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Loss exposures reflect rising geopolitical tensions
Written by Deborah Ritchie
Ongoing and, in some areas, increasing geopolitical concerns are causing a rise in political risk exposures with 55% of global organisations with revenues greater than US$1bn experiencing at least one political risk loss exceeding US$100m in value. This is according to figures from Willis Towers Watson, whose annual Political Risk Report, carried out with Oxford Analytica, highlights Turkey and Argentina as particular areas of concern.
The most frequently reported political risk related loss was exchange transfer which impacted nearly 60% of those experiencing losses, followed by political violence (48%) and import/export embargos (40%). The key geopolitical threats were seen as US sanctions policy, emerging market crises, protectionism/trade wars, and populism and nationalism.
Some 60% of research participants reported that political risk levels had increased since last year, and nearly 70% stated that they had scaled back operations in a country as a result of political risk concerns or losses.
Chairman and CEO at Willis Towers Watson Financial, Paul Davidson says with these rising levels of risk, companies will begin to fall under scrutiny around the related losses.
“It is clear from our findings that political risk has increased significantly, now becoming a reoccurring and material cost of doing business,” he explained. “If these levels remain elevated, companies will fall under increasing pressure from shareholders for greater levels of transparency around the losses actually incurred. Companies will need the ability to monitor, quantify and manage these risks as well as develop strategies to mitigate them.”
Deputy director at Oxford Analytica, Simon Coote said executive decision-making needs to change with the times: “Companies typically grew up managing cyclical economic risks, not political. However, with the recognition of rising losses due to political risk, it can no longer be excluded from executive decision-making. To better mitigate political risk exposure, companies need to reframe how they operate. Taking steps to manage political risk must become a requirement of doing business, not simply regarded as an inevitable cost of operating in challenging environments.”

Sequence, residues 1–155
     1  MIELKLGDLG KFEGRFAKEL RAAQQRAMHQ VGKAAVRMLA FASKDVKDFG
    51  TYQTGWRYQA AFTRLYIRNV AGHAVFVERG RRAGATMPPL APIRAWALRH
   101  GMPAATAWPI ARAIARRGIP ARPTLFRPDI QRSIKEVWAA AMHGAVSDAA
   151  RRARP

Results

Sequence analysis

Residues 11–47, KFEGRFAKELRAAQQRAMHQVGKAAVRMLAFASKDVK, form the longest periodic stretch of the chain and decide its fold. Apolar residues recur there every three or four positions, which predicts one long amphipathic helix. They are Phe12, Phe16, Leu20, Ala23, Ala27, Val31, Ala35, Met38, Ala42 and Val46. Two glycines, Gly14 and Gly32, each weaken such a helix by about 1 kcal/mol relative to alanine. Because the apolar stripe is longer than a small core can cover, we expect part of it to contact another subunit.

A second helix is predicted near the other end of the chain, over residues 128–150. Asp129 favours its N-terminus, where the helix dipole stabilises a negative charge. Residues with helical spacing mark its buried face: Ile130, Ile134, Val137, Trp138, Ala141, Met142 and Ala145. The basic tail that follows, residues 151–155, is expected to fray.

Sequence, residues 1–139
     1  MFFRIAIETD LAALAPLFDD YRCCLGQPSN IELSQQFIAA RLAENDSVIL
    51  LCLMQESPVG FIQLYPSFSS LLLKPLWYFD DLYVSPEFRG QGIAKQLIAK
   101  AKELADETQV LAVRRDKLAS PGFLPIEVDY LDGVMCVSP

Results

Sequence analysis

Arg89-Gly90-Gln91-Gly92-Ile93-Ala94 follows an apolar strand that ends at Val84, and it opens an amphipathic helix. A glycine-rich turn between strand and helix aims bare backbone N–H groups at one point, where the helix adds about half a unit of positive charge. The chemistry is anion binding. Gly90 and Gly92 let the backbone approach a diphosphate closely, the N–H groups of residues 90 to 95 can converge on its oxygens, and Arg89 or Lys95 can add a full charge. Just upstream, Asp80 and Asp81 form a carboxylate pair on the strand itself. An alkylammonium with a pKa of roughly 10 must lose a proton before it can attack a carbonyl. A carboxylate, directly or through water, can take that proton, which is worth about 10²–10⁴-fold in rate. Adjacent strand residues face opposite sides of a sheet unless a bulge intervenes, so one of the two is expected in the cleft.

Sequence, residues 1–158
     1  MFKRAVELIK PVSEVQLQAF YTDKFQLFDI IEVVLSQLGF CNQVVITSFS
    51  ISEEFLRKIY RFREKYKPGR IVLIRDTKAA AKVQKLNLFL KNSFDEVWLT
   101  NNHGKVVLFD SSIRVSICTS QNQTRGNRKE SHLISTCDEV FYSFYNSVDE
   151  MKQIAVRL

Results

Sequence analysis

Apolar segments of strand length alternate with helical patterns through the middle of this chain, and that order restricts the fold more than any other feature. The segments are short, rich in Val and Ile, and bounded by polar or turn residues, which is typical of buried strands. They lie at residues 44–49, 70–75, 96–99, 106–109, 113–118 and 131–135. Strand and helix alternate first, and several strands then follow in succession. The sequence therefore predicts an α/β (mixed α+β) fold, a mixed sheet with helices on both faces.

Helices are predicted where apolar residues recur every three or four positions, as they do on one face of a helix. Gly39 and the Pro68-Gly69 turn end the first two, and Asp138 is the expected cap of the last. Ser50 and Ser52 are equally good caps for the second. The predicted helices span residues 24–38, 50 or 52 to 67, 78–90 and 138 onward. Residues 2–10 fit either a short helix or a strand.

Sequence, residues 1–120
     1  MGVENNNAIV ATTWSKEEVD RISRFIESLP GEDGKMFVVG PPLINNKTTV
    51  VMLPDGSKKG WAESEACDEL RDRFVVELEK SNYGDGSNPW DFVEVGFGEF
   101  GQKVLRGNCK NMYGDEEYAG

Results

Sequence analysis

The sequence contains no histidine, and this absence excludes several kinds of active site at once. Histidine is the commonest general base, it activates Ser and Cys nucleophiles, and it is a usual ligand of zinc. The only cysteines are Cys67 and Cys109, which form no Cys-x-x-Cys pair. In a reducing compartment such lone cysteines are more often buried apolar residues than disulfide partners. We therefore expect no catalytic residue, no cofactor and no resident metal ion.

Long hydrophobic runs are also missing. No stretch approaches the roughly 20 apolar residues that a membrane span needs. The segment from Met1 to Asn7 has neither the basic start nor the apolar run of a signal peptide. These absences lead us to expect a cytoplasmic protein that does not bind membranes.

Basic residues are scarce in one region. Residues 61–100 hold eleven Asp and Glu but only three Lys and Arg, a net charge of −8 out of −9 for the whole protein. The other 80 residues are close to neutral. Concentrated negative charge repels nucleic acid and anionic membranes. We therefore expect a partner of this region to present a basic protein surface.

Research interviews for this study were conducted with senior executives of 40 global firms across different industries including food and beverages, oil and gas, mining, pharmaceuticals, real estate, automobiles, and utilities, with in-depth follow-up interviews with 10 of the participants. The companies are mainly headquartered in North America, Europe and Japan and have extensive global operations, higher risk regions included.
Geopolitical tensions and rising political risk (Source: Willis Towers Watson and Oxford Analytica)
• While Russia and Vietnam were most frequently cited as countries where losses occurred, losses were recognised throughout Europe, Latin America, APAC, Africa and the Middle East.
• More than 70% reported holding back from planned investment as a direct result of political risk concerns.
• Larger companies were more likely to report using avoidance strategies – among companies with more than US$1bn in revenues, 82% stated that they had scaled back investments, and 86% had avoided future investments. Companies most frequently reported scaling back investments in Nigeria, Iran, Russia and Venezuela.